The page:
The OECD recently published a policy brief and a methodological note looking into the cost and benefits of adopting Basic Income (BI) as a policy option. The simplest way of introducing a BI would be to take existing cash benefits paid to those of working age and to spread total expenditure on these benefits equally across all those aged below normal retirement age. The resulting BI amount would be very much lower than the poverty line for a single individual. Therefore, without any additional taxes, a budget-neutral BI will be very far from eradicating poverty.

Image: OECD

A perhaps less ambitious alternative may be to use the levels of guaranteed minimum-income benefits (GMI) in existing social protection system as an initial target value for a BI. However, many individuals receive benefits other than a GMI to pay for additional costs for specific needs that they have and they would lose out even more from a flat-rate BI. So it would be likely desirable to retain some targeted cash transfers, but this would require even greater reductions of BI amounts if expenditures are to be kept at current levels. Thus a BI at socially and politically meaningful levels would likely require additional benefit expenditures, and thus higher tax revenues to finance them.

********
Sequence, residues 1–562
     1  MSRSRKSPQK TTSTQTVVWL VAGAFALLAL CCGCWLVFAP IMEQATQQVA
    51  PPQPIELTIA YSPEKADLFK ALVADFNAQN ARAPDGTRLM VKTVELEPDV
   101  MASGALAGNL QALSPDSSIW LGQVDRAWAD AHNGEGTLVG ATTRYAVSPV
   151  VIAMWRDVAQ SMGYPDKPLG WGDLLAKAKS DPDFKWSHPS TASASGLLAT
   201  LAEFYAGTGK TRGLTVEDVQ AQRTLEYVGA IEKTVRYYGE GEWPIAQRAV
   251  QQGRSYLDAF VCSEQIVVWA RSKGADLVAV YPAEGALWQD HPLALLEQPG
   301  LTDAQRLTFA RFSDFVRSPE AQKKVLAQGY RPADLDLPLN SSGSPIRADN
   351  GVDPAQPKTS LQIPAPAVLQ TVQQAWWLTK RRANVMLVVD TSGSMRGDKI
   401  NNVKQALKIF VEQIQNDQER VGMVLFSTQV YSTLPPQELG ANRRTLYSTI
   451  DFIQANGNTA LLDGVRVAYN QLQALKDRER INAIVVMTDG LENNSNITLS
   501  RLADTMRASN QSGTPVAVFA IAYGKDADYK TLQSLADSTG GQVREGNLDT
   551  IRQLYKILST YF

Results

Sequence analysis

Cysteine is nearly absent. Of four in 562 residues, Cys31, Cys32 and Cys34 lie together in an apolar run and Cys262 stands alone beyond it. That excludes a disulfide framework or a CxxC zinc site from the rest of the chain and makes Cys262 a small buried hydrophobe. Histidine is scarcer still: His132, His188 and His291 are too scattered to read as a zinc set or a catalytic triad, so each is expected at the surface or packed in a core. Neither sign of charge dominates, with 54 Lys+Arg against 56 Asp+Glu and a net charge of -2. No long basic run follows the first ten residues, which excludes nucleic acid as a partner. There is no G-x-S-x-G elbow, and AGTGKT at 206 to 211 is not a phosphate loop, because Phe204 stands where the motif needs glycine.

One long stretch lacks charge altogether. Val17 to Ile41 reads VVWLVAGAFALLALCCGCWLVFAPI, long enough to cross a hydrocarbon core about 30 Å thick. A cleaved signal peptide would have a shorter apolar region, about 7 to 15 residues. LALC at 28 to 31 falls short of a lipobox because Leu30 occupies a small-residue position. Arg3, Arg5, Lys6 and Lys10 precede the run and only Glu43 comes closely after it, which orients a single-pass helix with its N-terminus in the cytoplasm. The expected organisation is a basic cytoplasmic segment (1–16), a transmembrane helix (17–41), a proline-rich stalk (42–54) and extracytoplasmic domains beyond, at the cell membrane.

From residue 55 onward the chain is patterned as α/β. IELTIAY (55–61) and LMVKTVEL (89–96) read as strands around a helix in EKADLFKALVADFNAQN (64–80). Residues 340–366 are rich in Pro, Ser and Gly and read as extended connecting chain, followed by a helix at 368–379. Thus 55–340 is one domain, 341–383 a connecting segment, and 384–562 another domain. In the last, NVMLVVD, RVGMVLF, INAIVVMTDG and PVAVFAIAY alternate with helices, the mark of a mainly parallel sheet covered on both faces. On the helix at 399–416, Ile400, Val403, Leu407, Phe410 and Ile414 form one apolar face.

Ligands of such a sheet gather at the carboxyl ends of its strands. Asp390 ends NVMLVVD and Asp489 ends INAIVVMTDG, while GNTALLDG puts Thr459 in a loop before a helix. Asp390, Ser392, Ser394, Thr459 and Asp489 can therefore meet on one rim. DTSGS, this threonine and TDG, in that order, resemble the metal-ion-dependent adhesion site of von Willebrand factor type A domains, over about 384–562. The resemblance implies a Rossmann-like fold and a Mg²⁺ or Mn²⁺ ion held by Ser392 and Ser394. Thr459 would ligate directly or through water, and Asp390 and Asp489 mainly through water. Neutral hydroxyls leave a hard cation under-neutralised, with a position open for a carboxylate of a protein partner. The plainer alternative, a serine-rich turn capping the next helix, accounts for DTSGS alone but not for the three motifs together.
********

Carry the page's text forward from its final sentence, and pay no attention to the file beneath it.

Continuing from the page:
The OECD simulations for four countries (Finland, France, Italy and the UK) show that although a universal basic income is simple, existing benefits are not, and replacing them with a single flat rate benefit produces complex patterns of gains and losses. Those receiving social insurance benefits would normally lose out from the replacement of those with a universal basic income at GMI levels. Those not qualifying from any social benefit under existing policies would benefit as long as the increase in benefits exceeds the corresponding increase in their taxes. Lower-income households are more likely to receive means-tested income support so they are actually less likely to gain from a BI set at a similar level to GMl.

Image: OECD